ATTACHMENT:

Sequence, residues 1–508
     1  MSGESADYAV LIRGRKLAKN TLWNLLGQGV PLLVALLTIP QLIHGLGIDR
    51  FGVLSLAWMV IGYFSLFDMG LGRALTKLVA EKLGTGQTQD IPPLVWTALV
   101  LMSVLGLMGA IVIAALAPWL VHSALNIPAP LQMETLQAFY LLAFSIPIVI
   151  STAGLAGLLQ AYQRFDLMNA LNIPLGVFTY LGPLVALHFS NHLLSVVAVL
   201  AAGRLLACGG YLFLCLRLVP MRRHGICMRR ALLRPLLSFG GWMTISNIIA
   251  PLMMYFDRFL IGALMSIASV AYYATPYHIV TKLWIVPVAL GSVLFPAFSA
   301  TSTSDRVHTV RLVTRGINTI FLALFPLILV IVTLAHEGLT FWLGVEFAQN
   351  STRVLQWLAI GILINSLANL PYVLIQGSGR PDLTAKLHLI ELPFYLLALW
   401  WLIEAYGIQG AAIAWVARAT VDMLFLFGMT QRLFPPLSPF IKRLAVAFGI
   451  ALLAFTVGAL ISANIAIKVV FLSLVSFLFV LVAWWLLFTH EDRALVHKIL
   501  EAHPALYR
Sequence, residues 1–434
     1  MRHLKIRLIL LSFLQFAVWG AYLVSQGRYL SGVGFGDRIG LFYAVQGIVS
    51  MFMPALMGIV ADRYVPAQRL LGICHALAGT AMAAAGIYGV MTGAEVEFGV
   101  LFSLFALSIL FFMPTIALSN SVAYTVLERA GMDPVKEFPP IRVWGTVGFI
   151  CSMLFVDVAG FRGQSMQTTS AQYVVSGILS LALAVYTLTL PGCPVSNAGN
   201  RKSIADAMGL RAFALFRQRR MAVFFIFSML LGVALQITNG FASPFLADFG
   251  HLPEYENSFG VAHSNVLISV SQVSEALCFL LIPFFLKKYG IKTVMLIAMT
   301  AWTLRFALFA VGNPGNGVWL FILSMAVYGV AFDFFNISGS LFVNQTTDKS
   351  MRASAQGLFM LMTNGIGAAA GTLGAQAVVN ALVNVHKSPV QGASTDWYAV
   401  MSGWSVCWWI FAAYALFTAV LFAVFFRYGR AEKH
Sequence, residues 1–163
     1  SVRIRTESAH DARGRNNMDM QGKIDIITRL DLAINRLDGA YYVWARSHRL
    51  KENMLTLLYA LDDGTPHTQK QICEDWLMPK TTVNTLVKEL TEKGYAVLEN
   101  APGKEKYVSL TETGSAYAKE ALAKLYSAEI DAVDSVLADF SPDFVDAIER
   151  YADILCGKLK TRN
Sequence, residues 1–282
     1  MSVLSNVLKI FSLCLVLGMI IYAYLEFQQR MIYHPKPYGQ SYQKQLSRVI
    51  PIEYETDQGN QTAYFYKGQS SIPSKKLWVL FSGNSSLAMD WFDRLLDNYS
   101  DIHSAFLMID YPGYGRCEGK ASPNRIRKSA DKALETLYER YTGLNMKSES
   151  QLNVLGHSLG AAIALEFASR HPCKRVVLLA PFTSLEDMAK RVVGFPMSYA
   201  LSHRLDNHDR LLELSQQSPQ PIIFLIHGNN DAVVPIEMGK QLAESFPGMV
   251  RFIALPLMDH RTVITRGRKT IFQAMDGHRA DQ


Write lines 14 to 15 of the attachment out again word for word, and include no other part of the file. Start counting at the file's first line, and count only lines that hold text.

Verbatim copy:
     1  MRHLKIRLIL LSFLQFAVWG AYLVSQGRYL SGVGFGDRIG LFYAVQGIVS
    51  MFMPALMGIV ADRYVPAQRL LGICHALAGT AMAAAGIYGV MTGAEVEFGV